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CONVENTION 2000 / THE DEMOCRATIC CONVENTION

Gore Establishing His Own Financial Base in Hollywood

Clinton may have 'movie star' status among entertainment donors, but the vice president is building upon that legacy. He has already raised more than the president in '96.

August 18, 2000|ALAN C. MILLER and ELIZABETH SHOGREN | TIMES STAFF WRITERS

President Clinton, embraced by Hollywood as one of its own, cast a long shadow over Al Gore during a convention week filled with fond farewells and fund-raising galas for the president and his wife.

But Gore, the newly minted Democratic presidential nominee, left Los Angeles early today with a strong base of financial support from the entertainment industry--surpassing even Clinton's take of four years ago.

In Southern California, records show, Gore and the Democratic National Committee so far have raised $10.3 million--a 13% increase--at a time when the DNC's nationwide fund-raising pace is lagging behind 1996, when Clinton ran for reelection.

Moreover, Democratic strategists are counting on Gore to ride a positive convention bounce that will pad party coffers in the weeks ahead.

"The reality is that the vice president has very deep and long-term relationships here," said Andy Spahn, who oversees fund-raising for DreamWorks SKG. "We all knew him before we met Bill Clinton."

Gore has been traipsing to Los Angeles to solicit campaign money since his first Senate race in 1984. And he has been an outspoken advocate on issues that matter most to affluent Hollywood Democrats: the environment, Israel and abortion rights.

The vice president also has been in the forefront of the administration's aggressive efforts to provide voter-rich California with federal grants, disaster assistance and plenty of attention. Since 1993, Gore has visited the Golden State 65 times.

Still, Gore has had to overcome significant hurdles in Hollywood, including his wife's crusade in the mid-1980s to put parental warning labels on rock music albums and his choice of running mate Sen. Joseph I. Lieberman, a critic of sex and violence in the media.

'It's Hard to Top Bill Clinton'

Even Gore's admirers acknowledge he cannot match the emotional bond the charismatic Clinton has forged with studio moguls, actors and glitterati.

"It's hard to top Bill Clinton," said director and actor Rob Reiner, one of Gore's most enthusiastic Hollywood backers. "He's a movie star."

Nevertheless, an analysis of federal contributions for the 18 months prior to June 30 by the Campaign Study Group of Springfield, Va., shows that Gore is more than holding his own throughout California:

* The DNC collected $13.1 million in total donations from California as of midyear, a 26% increase over the same period four years ago.

* In Southern California, Gore's presidential campaign raised more than $2.8 million in restricted "hard money" donations under $1,000, or 9.6% of its total. By comparison, Clinton's campaign raised $1.8 million in 1996.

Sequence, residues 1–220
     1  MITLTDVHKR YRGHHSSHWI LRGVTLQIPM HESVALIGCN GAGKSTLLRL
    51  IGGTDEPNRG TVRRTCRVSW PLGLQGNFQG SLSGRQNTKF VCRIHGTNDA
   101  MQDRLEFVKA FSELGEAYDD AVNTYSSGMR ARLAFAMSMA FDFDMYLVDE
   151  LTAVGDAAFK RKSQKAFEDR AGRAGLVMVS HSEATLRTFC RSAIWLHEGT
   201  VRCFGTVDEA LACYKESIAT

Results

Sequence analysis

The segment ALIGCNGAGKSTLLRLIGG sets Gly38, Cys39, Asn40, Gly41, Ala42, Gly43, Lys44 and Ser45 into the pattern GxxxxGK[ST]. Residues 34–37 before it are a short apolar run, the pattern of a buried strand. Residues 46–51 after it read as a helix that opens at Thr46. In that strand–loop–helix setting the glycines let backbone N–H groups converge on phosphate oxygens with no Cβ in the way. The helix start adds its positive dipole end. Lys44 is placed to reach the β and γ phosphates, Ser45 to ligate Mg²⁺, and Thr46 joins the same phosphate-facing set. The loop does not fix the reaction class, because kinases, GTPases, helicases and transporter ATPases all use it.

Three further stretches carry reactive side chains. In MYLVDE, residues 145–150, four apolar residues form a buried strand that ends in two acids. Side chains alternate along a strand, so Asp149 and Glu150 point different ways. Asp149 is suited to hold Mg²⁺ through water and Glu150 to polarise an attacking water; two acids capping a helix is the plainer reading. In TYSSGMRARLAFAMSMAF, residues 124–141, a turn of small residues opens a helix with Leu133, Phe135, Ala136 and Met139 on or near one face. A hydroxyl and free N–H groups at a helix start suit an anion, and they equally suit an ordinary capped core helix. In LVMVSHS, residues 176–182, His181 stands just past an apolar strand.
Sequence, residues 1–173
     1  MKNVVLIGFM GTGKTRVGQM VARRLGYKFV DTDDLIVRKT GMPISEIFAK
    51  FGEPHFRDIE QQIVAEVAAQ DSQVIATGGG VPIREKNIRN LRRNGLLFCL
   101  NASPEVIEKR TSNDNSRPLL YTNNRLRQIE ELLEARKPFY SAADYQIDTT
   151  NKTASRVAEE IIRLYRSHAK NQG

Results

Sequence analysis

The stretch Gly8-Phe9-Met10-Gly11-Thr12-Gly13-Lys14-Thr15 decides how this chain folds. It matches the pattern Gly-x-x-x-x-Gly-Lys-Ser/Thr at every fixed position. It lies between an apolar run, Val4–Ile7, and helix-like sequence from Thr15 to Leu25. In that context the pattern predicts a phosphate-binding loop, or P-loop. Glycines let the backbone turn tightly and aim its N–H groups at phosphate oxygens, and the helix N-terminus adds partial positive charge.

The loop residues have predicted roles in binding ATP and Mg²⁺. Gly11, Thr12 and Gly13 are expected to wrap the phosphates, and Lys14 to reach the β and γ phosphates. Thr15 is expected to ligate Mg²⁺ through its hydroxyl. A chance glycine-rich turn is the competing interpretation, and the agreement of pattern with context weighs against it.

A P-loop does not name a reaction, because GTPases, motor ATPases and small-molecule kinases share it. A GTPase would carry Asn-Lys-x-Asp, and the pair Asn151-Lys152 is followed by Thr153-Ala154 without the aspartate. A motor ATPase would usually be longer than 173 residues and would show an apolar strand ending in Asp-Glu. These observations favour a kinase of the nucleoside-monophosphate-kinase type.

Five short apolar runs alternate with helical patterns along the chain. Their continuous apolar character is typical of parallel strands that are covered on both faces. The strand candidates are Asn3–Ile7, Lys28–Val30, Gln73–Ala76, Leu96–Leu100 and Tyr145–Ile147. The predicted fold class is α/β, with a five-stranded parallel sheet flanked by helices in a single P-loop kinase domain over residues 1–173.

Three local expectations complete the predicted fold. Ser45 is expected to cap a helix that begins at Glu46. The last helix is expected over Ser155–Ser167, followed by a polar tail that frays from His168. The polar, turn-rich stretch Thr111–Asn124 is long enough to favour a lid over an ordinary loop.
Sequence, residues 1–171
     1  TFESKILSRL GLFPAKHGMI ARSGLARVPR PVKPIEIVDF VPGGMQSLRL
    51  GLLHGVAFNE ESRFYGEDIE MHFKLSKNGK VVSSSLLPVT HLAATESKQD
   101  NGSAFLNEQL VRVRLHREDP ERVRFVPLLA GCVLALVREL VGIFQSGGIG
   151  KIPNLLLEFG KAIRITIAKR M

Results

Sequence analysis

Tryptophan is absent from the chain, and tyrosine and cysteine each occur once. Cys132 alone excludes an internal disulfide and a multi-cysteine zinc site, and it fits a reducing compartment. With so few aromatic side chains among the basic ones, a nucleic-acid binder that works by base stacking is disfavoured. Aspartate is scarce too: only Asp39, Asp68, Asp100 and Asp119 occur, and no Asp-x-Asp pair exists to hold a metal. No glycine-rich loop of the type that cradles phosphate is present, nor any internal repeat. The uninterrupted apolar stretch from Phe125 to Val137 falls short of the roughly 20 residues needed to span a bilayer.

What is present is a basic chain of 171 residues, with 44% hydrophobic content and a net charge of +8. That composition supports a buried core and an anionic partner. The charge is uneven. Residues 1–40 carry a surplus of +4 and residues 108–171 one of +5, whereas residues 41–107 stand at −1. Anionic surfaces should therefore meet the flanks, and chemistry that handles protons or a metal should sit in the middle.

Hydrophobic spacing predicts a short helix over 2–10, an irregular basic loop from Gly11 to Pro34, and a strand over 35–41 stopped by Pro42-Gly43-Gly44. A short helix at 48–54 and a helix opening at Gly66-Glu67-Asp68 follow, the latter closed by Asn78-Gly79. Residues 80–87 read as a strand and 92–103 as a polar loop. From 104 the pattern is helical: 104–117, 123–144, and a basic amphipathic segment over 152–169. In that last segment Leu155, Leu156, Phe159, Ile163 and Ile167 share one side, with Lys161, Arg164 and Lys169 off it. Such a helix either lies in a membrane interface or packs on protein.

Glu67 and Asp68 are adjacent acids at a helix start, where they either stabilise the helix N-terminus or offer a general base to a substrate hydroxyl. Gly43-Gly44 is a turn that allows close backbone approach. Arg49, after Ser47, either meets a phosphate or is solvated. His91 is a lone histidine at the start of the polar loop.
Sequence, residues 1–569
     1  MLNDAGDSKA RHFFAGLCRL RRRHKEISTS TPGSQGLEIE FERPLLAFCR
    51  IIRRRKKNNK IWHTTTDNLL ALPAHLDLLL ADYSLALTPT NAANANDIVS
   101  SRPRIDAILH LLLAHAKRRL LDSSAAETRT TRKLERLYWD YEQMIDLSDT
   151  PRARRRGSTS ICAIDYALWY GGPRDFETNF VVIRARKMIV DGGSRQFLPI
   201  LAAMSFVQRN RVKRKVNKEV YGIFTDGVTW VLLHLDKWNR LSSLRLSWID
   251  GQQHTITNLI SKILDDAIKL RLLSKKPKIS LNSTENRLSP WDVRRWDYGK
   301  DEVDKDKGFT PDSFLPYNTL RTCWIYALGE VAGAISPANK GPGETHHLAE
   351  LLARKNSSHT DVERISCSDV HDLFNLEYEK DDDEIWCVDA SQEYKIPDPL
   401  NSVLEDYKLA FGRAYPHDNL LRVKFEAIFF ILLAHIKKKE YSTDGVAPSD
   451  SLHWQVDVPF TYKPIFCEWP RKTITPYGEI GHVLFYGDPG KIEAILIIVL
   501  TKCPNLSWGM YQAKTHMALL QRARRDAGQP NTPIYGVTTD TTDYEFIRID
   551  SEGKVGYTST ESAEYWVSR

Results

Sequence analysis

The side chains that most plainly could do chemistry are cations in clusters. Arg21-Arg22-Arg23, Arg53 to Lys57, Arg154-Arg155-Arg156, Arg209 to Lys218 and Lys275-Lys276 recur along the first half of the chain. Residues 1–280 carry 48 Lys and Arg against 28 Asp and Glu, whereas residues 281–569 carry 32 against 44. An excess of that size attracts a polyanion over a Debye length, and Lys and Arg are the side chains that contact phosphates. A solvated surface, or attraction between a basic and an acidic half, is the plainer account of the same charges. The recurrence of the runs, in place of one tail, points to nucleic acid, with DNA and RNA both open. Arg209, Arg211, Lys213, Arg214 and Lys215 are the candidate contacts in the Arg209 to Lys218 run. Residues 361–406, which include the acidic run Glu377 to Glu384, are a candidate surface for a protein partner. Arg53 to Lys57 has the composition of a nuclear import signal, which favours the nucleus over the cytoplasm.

* Gore's presidential campaign generated $443,050 from the entertainment industry in Southern California, 86% more than Clinton in 1996. He also took in $340,375 from lawyers and lobbyists in Southern California, a 66% increase, and $124,350 from real estate interests, an 82% jump.

Comparisons between the Clinton and Gore campaigns are complicated by the fact that the two are intertwined: Gore was on the ticket as well in 1996, and Clinton continues to raise large sums for the DNC this year.

Gore's entertainment money is to some extent a legacy inherited from Clinton, who worked hard to open Hollywood doors during the past eight years, said Norm Pattiz, chairman of the Westwood One radio network and a major Democratic donor.

"I think this support is Gore's to lose," he said.

Clinton--unlike Gore--quickly raised the legal maximum from individual donors for his reelection. Thus, his campaign was not as reliant on Southern California as Gore.

Entertainment Donating More

In addition, the entertainment industry--a major beneficiary of the nationwide economic boom--is contributing much more to political parties and candidates, especially Democrats. In the current election cycle, the party and its candidates have received $12.5 million from studios, TV and radio stations, the music industry, theaters and those working in the entertainment field nationally. The tally for Republicans is $6.7 million.

GOP presidential nominee George W. Bush, meanwhile, raised $4.8 million in Southern California, but this represents only 6.4% of his national total. He received $126,550 from Hollywood.

Larry Makinson, executive director of the nonpartisan Center for Responsive Politics, questioned Gore's ability to create the same excitement in the entertainment industry as Clinton.

"The sense I get from the Hollywood crowd is that they're saying goodbye to a master in Bill Clinton, and there's a lot of question as to how Al Gore is going to compare to that. He doesn't have the personal magic," he said.

But Reiner, for one, has expressed greater support for Gore than he had for Clinton. He has hosted fund-raisers for Gore at his home, stumped for him on television and even flew to Ohio to join him at a campaign event last week.

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